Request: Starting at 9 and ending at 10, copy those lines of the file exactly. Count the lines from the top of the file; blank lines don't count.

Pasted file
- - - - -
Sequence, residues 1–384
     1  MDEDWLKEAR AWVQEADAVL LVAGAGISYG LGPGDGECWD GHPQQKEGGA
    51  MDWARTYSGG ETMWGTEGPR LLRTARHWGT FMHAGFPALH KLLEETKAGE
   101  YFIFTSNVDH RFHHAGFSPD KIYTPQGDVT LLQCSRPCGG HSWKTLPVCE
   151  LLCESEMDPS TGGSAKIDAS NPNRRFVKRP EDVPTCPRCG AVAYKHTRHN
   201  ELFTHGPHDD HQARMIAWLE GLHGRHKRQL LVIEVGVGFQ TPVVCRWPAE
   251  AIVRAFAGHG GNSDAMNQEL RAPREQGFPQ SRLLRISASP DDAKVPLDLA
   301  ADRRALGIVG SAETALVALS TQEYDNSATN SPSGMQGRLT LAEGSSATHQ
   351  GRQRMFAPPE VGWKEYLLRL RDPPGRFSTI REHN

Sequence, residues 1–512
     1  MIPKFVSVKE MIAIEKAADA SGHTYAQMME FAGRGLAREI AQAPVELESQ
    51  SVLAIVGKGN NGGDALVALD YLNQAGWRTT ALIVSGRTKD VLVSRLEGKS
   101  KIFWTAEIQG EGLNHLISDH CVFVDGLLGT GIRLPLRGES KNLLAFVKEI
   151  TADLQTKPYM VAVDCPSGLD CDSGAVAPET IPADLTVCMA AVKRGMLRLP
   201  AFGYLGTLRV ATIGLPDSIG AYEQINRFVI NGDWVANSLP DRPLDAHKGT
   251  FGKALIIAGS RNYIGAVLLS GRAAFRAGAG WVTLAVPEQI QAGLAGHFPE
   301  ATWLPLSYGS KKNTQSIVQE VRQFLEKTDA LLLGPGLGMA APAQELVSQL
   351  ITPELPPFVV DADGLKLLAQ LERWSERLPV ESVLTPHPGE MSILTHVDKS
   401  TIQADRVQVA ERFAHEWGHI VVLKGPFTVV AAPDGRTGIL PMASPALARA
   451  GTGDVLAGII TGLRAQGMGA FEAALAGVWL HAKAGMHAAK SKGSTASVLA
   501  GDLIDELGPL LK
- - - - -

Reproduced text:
   351  GRQRMFAPPE VGWKEYLLRL RDPPGRFSTI REHN

Sequence, residues 1–512